Your local parts store can also sell you a perfectly OK basic code scanner for around $60 depending on whether they have one on sale or not. It'll work with any car made for the North American market since 1996 and probably with post 2010 vehicles for at least a few more years. It'll allow you to read and reset codes. It may be less trouble to do the readouts yourself than to drive around to mechanics and parts stores while you work out what is going on. Throw the scanner in the glove box after the problem is cured. Just remember to take it with you when you buy another car.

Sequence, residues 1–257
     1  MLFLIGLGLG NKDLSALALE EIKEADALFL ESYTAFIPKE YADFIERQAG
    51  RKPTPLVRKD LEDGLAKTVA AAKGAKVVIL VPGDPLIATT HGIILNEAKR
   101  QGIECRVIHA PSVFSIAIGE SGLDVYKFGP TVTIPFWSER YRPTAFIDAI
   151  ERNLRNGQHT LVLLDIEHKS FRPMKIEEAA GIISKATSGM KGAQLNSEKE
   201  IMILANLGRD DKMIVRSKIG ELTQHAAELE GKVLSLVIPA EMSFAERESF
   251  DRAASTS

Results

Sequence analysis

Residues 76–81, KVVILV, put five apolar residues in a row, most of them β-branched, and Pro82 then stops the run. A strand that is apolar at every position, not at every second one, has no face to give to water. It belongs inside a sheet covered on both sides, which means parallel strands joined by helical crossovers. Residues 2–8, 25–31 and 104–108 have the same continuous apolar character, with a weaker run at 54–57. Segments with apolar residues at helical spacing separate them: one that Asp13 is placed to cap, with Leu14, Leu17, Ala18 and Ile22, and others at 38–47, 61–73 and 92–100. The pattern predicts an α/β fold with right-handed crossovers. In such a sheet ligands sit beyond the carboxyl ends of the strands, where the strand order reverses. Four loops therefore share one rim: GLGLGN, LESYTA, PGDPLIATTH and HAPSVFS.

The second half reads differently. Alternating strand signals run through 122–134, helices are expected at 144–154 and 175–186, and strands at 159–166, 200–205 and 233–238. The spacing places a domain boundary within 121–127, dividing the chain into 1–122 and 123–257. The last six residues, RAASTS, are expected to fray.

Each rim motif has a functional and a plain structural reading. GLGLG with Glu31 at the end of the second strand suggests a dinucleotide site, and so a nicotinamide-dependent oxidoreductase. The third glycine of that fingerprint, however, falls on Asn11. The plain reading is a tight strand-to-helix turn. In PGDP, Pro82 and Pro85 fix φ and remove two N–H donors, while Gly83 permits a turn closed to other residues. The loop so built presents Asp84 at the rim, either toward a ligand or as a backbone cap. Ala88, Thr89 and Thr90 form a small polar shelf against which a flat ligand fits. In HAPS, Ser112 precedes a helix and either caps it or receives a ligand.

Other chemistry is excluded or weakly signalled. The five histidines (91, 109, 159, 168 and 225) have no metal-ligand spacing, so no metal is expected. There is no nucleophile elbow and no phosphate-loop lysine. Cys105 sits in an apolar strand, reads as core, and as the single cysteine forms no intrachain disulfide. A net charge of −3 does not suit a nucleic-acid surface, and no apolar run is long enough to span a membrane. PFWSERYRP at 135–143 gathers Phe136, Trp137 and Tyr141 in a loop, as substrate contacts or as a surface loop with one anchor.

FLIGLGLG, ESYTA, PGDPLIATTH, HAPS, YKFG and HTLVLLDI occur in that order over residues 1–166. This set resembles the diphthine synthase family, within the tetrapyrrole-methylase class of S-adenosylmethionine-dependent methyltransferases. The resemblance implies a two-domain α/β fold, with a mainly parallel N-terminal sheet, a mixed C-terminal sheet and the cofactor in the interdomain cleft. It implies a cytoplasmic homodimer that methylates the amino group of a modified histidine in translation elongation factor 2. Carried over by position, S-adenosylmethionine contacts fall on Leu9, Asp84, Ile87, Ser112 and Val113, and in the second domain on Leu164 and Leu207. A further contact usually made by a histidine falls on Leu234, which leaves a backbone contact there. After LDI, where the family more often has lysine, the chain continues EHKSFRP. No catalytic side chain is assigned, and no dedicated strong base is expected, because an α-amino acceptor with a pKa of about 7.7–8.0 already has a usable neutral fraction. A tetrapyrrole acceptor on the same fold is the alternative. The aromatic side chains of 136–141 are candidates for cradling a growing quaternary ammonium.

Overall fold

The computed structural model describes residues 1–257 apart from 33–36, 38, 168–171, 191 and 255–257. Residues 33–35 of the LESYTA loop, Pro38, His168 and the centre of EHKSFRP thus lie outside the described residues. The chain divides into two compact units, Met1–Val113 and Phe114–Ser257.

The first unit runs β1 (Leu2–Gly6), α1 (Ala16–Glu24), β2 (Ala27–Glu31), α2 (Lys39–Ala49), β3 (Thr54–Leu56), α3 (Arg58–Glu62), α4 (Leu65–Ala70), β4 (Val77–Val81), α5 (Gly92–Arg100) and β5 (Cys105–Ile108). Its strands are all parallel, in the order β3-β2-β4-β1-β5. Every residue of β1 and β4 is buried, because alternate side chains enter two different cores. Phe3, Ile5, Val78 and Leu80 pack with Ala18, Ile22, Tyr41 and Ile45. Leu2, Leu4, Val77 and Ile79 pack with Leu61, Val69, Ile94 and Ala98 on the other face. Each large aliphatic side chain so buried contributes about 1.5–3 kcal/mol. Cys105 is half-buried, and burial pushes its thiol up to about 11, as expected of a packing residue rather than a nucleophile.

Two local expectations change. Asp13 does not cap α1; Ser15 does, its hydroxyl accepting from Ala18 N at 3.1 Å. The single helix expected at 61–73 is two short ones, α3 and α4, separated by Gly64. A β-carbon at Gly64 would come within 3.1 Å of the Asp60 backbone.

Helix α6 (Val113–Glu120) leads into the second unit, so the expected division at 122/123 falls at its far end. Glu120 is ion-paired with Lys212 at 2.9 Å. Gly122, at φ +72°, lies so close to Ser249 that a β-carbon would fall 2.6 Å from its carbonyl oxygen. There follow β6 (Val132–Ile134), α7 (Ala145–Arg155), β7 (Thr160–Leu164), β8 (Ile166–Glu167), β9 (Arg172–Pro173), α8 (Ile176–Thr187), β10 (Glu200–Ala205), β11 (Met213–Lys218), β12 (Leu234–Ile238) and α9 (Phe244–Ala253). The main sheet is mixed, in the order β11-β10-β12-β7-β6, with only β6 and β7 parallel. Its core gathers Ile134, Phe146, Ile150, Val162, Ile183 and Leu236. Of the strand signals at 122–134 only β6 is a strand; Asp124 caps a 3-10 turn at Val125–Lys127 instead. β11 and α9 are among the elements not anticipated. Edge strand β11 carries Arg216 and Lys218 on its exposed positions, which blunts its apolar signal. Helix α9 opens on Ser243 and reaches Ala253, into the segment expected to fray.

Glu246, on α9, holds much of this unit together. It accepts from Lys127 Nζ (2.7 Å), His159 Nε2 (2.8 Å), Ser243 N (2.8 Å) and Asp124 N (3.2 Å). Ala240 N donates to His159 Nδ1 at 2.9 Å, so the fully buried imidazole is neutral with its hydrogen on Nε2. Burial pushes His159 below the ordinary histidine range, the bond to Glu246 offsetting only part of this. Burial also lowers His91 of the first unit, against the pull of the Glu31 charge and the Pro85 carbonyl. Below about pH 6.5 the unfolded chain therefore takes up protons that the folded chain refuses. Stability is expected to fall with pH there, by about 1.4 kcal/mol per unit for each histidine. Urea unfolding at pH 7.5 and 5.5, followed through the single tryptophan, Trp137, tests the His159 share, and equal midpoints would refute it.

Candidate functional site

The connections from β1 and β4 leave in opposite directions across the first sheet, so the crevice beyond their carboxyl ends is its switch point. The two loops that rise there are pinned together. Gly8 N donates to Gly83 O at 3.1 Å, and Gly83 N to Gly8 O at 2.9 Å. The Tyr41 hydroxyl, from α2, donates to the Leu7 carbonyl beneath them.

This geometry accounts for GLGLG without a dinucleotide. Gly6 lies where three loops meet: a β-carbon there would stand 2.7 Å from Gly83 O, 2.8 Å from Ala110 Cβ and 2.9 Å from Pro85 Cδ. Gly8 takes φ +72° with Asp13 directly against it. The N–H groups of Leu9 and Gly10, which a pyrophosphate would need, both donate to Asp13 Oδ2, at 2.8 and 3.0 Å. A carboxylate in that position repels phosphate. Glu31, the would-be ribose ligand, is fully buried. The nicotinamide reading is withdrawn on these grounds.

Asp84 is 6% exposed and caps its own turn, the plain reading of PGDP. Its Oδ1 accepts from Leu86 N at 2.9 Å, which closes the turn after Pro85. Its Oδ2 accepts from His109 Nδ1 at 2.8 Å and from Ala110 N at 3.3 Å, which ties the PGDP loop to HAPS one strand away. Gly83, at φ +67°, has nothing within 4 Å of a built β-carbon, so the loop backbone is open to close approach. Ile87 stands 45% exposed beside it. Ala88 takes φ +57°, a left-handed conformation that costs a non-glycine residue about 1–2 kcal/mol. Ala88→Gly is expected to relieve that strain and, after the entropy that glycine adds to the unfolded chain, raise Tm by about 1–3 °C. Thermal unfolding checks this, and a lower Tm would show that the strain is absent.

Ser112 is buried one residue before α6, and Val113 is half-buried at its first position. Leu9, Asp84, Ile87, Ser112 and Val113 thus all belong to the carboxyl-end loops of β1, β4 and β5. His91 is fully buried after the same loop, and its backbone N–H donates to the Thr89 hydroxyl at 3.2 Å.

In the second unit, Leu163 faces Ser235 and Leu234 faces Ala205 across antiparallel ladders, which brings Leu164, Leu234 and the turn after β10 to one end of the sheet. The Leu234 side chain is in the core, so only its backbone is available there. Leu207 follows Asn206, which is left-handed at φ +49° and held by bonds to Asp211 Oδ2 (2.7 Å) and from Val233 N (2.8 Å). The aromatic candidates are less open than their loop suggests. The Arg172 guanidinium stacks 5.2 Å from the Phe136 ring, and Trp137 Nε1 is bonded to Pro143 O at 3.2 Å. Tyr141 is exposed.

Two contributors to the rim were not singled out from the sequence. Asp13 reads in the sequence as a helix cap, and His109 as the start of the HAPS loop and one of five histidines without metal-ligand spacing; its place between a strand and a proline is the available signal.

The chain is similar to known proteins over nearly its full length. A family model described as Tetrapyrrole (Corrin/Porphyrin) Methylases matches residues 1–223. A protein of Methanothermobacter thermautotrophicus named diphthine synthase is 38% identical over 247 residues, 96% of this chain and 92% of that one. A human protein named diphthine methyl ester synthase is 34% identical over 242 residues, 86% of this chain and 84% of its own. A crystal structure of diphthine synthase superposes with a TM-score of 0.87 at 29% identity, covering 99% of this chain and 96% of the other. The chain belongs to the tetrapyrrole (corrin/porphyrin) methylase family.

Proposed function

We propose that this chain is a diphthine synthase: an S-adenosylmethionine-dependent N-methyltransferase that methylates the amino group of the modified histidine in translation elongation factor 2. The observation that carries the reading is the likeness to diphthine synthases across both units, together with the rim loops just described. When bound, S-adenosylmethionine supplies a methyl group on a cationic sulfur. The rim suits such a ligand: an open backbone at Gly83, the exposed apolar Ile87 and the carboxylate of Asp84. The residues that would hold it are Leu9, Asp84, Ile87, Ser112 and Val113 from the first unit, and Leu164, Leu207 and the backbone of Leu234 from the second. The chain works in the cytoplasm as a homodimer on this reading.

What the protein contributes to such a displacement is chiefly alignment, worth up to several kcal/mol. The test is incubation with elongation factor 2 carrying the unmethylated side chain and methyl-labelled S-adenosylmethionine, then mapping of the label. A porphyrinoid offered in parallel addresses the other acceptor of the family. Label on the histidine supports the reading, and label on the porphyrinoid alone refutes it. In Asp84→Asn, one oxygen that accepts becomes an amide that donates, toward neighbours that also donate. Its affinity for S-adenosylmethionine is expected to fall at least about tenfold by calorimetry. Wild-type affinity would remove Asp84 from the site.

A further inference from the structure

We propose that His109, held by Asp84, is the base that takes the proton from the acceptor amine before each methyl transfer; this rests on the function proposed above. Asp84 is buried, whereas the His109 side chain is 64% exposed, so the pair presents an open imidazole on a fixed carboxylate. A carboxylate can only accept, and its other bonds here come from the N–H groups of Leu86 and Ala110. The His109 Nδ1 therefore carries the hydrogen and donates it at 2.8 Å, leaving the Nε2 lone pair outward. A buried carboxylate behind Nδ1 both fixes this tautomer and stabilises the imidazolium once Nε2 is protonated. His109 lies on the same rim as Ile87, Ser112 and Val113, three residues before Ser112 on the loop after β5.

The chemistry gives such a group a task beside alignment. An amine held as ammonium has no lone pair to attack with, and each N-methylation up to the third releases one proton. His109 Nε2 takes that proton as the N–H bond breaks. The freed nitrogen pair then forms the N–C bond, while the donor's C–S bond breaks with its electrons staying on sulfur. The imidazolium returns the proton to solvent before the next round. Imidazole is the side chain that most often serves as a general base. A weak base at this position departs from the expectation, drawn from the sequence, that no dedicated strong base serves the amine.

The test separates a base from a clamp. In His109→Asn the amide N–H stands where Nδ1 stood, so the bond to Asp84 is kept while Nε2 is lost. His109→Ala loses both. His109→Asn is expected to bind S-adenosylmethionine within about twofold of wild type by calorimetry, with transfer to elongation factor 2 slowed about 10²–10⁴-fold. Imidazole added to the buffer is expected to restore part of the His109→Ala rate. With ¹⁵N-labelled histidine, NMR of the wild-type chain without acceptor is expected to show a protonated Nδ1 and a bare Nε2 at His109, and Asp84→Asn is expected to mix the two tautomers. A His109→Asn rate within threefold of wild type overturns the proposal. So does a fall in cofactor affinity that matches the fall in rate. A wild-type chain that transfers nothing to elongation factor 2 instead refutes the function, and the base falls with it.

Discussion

I don't know enough about ECM programs to be sure. But given that they are computer programs, I'll bet that some of them are capable of checking stored codes, turning the CEL on based on the stored codes, then -- after monitoring the car, clearing the codes but forgetting to turn the CEL off. If your ECM has a bug like that, it could mean that some intermittent condition could give you a CEL on, no codes condition sometimes. You just need to catch the codes when they are present -- which they will be at times.